Nukus – the capital of Karakalpakstan – is a young modern city founded in 1932. There are no historical or architectural monuments here, and its main attraction is the Karakalpak State Museum of Art named after Igor Savitskiy. Due to its unique collections of exhibits, this ‘museum in the desert’, as it is called by world well-known art experts, enjoys the public estimation far beyond the territory of Uzbekistan.
Igor Savitsky, the founder and museum’s first curator, was studying at Surikov Institute of Art in Moscow when World War II started and he was evacuated to Central Asia. Having familiarized himself with amazing history and ancient culture ofKarakalpakstan he took a great interest in ethnography and archeology, and Karakalpakstan became his second homeland.
At the same time Igor Savitsky devoted his life to collecting the art works and rescuing the works of Russian avant-garde artists who were victims of Stalin political repressions and were exiled to Aral steppes. Thanks to his enthusiasm and unselfishness there were rescued from being destroyed many pictures and drawings. He roamed the country looking for these artworks, whose owners, risking imprisonment or worse for being connected with forbidden artists branded as formalists, hid the invaluable canvases in the basements and attics.
The Museum was opened in 1966 and initially its collection was exhibited in seven small rooms. It was only 20 years later that a special building was constructed to accommodate the Museum. Today the exposition of the Museum consists of three parts: department of ancient and medieval art, which represents ancient culture of Khorezm – a state once located on the territory of Karakalpakstan, the department of folk applied arts, and the department of fine arts.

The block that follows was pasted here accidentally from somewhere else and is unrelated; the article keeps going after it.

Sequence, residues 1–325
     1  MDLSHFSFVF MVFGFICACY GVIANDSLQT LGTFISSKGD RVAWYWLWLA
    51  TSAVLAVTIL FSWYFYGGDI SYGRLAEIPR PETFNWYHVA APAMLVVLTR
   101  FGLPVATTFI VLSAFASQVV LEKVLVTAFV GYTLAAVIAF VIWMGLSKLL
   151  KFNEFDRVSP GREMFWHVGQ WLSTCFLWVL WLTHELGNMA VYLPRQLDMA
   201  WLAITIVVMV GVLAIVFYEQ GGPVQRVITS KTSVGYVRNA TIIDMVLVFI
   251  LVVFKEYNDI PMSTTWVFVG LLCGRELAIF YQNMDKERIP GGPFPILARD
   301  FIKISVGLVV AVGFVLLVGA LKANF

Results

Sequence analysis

The museum department of ancient and medieval art displays archeological findings which tell us about the history of ancient Khorezm – the homeland of ‘Avesta’ and the trade links of local people with antique world, unique terracotta statuettes of Zoroastrian Goddess of fertility Anakhit, ossuaries – the containers for holding the bones of the dead relatives (fire-worshippers’ tradition), various articles made of ceramic and bronze.
The foundation for the department of folk applied arts was the collection of items made by Karakalpak craftsmen. These items were collected during the expedition of Karakalpak branch of the Academy of sciences of Uzbekistan. Today the department of folk applied arts possesses a rich collection of national Karakalpak jewelry made of silver and cornelian, traditional hand-made carpets, embroidery and appliqué.
The department of fine arts represents paintings and drawings collected by Igor Savitsky, art works donated to the Museum by noted artists of the country, and the paintings by Karakalpak artists.
But what makes the museum known world-wide is the collection of Russian avant-garde art of the 1920s-1940s. According to its world significance it is second only to the collection of the Russian Museum in St-Petersburg. The Museum displays the paintings by A. Volkov, the author of “Pomegranate teahouse’, early, stylistically close to avant-garde, canvases by U. Tansykbayev, M. Kurzin and N. Karakhan, the paintings by famous artists-impressionists who lived in Uzbekistan P. Benkov and Z.Kovalevskaya, works by Russian avant-garde artists of the early 20th century A. Shevchenko, P. Kuznetsov, A. Kuprin, N. Ulyanov, V. Rozdestvensky, R. Falk, sculptural compositions by V. Mukhina and S. Lebedeva. These names are well-known in the West. Almost all of them studied art in studios of Paris and Munich, got their education in art schools of Moscow and St. Petersburg, and their names are included into the catalogues of art exhibitions that took place in Paris during the first quarter of the last century.
A big role in popularization of the museum collection is played by Friends of the Nukus Museum Foundation (FoNM), a non-governmental organization formed by local and international enthusiasts in 2001. Today many diplomats and representatives of international organizations working in Uzbekistan are the members of FoNM. The masterpieces of the Museum collections were exhibited in Switzerland, Germany, France, and Italy. Savitsky Art Museum is included in prestigious international catalogues. But to see the vast collection which numbers more than 84000 exhibits you should come to Nukus.